Sunday, August 15, 2010

The Alaskan Mystique

This is one of those weeks when I feel like I am inundated by romances set in the Alaskan wilderness. Everywhere I look, I seem to be tripping across books about bush pilots and mountain men looking for love (with a delicate city girl from the lower-48, of course).

Maybe I'm a pessimist, maybe I'm over-protective or too possessive of my state, but as a life-long resident of Seward's Folly, I avoid those books like the plague, convinced they will get everything wrong. The books could be awesome, the research flawless, but I can't take that chance because if they aren't, the mistakes would drive me nuts.

I hate it when lower-48 authors try to capitalize on the selling point that is the Alaskan mystique. Because, let's face it, the Alaskan mystique has nothing to do with the real Alaska. And that drives me straight up the wall.

This is how cowboys in Montana feel about cowboy romance, isn't it? If you know too much about the reality of anything, you can't read the fantasy of it without cringing, can you? I guess my crankiness stems from the sudden popularity of my reality.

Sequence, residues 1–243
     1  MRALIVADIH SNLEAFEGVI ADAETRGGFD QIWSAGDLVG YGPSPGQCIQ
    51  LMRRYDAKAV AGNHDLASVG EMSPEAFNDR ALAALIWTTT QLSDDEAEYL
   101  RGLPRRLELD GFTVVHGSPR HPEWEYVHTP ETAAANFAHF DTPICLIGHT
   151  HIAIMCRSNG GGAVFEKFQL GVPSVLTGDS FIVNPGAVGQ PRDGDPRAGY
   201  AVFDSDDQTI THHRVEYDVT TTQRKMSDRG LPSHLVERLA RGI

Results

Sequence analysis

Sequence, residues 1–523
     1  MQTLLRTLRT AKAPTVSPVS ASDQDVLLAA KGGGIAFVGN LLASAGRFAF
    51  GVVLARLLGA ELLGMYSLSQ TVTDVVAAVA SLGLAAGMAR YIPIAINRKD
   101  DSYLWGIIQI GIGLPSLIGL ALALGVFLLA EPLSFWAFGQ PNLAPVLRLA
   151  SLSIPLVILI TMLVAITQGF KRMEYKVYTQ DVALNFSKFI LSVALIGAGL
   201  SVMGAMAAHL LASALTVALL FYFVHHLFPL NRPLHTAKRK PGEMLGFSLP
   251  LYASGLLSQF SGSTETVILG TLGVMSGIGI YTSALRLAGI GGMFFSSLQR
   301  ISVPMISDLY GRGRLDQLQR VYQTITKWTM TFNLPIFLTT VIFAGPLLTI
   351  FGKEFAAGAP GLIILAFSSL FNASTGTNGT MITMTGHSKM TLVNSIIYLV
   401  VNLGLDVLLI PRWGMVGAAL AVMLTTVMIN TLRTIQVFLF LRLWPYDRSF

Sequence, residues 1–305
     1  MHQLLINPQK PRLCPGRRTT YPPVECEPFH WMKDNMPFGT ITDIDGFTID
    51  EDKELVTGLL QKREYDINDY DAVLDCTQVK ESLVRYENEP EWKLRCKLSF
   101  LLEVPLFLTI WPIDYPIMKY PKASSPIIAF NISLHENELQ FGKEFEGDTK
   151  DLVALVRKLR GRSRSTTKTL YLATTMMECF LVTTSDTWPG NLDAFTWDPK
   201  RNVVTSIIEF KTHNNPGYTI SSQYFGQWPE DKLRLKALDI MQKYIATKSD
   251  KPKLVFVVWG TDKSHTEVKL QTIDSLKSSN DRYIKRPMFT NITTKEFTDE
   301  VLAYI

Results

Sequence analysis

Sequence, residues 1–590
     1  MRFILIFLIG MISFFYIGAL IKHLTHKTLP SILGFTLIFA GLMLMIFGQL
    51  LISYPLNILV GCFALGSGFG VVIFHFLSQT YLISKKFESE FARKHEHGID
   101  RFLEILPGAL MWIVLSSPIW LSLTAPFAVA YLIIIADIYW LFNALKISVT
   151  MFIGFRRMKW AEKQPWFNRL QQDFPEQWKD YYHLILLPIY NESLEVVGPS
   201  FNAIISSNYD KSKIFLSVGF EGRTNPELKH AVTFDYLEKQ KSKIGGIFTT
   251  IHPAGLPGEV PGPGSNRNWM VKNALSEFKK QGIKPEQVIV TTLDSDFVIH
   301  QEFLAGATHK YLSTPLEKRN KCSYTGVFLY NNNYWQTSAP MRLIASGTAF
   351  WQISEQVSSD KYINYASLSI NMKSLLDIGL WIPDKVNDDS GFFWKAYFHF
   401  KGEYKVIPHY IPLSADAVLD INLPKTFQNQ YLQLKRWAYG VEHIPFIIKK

And the fact that if I wrote about what living up here is really like, I have a sneaking suspicion it wouldn't sell.

Though maybe the crankiness has something to do with the fact that I banged my knee up something fierce while picking salmonberries in the mountains today. Time to switch my heat pack back to an ice pack if I want to be able to walk tomorrow.

Rant complete.

Can you read about the fantasization (yeah, I just made that a word) of your reality? Do you have any settings/themes that you avoid because you know too much about them?


Kali said...

What's worse - the details that authors get wrong or the assumption that Alaskan girls aren't worth falling in love with? Because really, there's not that many extra men floating around up here (even less of the attractive AND intelligent variety) that we can spare to lose them to imported women.

Or, we need to start an exchange program...we'll accept perfect girls as imports if we can add some perfect men to the inventory and export some of the less endowed men.

I tend to avoid books centered around anything I know too much about (Alaska, cars, camping...). But I have a perverse fascination with books centered around things I know a little about (The Tudors).

Vivi Andrews said...

I think part of the reason I love paranormals and books set in the future is that I don't get hung up on accuracy because the world is built by the writer. Just as long as the writer remembers to follow his own rules, I'm a happy camper.